Biden-Appointed Judge Says No Opt out of LGBTQ Propaganda for Public School Students

(AP Photo/Efrem Lukatsky)

It was former President Barack Obama in 2009 who, after his election, reminded us that "elections have consequences." Today, those words are more true than ever, and a group of Maryland parents are finding that out. On Thursday, a Maryland court ruled that parents do not have "a fundamental right" to opt their kids out of reading books that contain LGBT content in Montgomery County Public Schools, despite the parents' contention that the material violated their religious beliefs. The district had maintained a previous policy that allowed parents to opt their kids out of reading such material. The district had originally stated that parents would be notified when the materials would be used in class. But in March of this year, the district announced that the policy had been rescinded and that notification would no longer be provided to parents with children in the district. 


The cancellation of the policy brought parents of many religious faiths and backgrounds together with one common goal: being able to have a say in what is being taught to their children. In July, hundreds of parents and students protested against the elimination of the opt-out policy in front of the offices of the Montgomery County Schools to voice their opposition. The no-opt-out policy was scheduled to be in place for the 2023-2024 school year. Parents had tried to get the opt-out policy reinstated, but in her ruling, Biden-appointed Judge Deborah L. Boardman stated:

[Parents'] asserted due process right to direct their children's upbringing by opting out of a public-school curriculum that conflicts with their religious views is not a fundamental right.

Boardman also denied parents a preliminary injunction that would allow for the opt-out policy when school starts on Aug. 28. She went on to say in her ruling:

The no-opt-out policy does not pressure the parents to refrain from teaching their faiths, to engage in conduct that would violate their religious beliefs, or to change their religious beliefs. The policy may pressure them to discuss the topics raised by the storybooks with their children, but those discussions are anticipated, not prohibited, by the parents’ faiths. The parents are not pressured into violating their religious beliefs in order to obtain the benefits of a public education.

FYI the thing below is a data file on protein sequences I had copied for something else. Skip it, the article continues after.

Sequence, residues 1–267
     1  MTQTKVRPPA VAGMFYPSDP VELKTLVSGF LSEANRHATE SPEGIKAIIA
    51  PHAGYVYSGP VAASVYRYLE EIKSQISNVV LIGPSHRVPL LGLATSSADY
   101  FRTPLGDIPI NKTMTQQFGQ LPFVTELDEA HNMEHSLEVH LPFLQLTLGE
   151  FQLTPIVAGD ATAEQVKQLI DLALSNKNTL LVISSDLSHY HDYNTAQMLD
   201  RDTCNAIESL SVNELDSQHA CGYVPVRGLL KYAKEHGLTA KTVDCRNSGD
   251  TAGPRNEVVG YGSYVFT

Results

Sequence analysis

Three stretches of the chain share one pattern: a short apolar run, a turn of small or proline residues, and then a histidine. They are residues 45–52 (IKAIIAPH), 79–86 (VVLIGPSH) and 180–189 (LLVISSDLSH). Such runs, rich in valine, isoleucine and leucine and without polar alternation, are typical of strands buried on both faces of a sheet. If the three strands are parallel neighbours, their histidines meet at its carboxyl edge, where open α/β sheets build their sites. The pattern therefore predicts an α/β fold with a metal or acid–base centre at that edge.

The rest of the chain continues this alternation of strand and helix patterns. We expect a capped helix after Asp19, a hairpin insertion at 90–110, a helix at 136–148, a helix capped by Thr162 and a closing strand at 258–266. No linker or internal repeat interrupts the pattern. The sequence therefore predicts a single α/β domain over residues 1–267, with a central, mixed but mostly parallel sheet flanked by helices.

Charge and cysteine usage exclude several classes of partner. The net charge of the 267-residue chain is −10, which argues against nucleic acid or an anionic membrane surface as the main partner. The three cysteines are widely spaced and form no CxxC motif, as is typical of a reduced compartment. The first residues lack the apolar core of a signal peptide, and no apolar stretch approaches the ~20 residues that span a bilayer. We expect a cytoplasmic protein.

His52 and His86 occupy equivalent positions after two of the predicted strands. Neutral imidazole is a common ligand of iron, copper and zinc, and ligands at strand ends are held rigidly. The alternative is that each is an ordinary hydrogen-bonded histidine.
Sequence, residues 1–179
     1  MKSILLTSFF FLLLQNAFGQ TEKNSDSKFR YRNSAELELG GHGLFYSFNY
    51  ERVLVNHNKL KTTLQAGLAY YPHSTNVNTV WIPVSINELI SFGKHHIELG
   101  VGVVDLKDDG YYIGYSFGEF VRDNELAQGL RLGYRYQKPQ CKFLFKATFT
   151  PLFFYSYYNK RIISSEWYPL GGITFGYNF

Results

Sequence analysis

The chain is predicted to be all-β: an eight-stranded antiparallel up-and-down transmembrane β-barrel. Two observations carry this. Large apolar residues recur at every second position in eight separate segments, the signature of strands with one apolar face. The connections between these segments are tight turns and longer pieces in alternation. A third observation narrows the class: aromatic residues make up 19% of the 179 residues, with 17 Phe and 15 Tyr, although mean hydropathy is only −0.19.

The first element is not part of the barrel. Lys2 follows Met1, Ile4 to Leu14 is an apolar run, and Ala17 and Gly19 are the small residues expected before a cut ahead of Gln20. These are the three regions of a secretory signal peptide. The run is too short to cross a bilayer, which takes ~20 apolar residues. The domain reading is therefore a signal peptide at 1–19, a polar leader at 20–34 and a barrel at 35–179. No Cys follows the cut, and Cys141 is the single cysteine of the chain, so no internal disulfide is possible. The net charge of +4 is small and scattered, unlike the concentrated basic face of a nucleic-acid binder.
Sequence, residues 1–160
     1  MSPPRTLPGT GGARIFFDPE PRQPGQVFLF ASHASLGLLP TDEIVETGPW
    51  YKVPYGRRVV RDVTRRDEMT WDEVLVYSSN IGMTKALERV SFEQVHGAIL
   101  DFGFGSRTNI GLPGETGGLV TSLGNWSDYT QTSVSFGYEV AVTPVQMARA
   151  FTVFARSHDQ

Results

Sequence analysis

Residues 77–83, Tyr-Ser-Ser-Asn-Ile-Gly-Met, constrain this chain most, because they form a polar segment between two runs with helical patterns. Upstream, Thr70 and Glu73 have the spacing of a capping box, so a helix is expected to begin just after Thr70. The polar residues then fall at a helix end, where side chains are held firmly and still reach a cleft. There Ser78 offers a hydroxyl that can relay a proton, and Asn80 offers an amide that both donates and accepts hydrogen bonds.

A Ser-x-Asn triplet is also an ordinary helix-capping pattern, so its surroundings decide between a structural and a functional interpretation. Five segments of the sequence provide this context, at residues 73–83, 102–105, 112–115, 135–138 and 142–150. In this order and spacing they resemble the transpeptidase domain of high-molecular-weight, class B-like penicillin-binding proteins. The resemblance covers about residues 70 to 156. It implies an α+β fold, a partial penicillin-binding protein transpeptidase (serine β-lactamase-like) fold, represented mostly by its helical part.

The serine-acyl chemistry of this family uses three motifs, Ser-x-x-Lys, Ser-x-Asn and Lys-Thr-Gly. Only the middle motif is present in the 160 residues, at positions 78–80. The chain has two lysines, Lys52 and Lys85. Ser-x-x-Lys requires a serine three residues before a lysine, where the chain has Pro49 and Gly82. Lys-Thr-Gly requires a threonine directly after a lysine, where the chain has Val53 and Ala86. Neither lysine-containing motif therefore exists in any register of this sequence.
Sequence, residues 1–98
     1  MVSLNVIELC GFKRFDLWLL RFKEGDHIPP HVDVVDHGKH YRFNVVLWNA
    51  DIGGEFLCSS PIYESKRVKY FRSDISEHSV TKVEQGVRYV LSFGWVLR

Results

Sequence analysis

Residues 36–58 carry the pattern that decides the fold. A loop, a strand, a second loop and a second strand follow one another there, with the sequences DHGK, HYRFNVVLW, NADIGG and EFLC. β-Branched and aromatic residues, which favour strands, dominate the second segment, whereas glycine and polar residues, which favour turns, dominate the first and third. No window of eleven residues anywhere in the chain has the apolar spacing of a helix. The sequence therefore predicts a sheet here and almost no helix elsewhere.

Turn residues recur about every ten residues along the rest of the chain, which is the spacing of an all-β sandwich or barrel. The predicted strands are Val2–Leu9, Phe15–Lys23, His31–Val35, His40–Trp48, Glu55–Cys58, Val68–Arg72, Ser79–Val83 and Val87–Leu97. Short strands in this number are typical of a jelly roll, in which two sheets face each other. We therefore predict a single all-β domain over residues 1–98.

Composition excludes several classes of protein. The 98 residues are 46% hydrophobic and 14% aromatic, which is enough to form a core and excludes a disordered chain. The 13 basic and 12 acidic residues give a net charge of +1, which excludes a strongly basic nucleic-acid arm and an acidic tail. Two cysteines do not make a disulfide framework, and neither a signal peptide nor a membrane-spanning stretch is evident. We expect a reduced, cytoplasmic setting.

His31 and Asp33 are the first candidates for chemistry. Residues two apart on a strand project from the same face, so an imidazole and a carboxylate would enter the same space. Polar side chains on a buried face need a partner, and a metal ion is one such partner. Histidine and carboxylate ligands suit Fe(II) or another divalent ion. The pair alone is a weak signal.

The no-opt-out policy not only forces students to read and engage with LGBT material at school, but it also forces parents to have discussions with children about those topics that do go against religious beliefs being taught at home. The policy does not just affect older children. Children as young as pre-K are exposed to material that references gay pride parades, gender transition, and pronoun preference. The material is used in classrooms through the eighth grade.


While Judge Boardman's decision may remind parents who vote that elections do indeed have consequences, parents around the nation are fighting back against LGBT propaganda being forced upon their children, and it begins early. In June, in Massachusetts, parents at a middle school protested Pride Month events. In Connecticut, eight, nine, and ten-year-olds were shown videos celebrating gender identity and then received "puberty kits" to take home. Even in ultra-liberal California, parents are fighting back. In Huntington Beach, high school students were forced to watch a pride video in, of all places, math class. The teacher threatened them with a year of Saturday school attendance if they were "inappropriate." Does "inappropriate" mean disagreement? And in North Hollywood, parents kept kids out of school for a pride day event. In the case of the Connecticut elementary school, the video and puberty kits were all done without parental knowledge. That may present Judge Boardman with another question: Should parents even be allowed to know that their children are being taught something that goes against their religious beliefs, or is that also not a "fundamental right?" 

Despite the best efforts of the Department of Education and their willing accomplices, the teachers' unions, who are not even trying to hide anymore, the fact that they are figuring out how to insert topics like gender identity into classroom lessons under the parental radar, there are more and more options becoming available for parents when it comes to their children's education. One of those options may be to "opt out" of public schools altogether. 


Parental input in public school classrooms will definitely be on the ballot in 2024, and once again, elections will have consequences.


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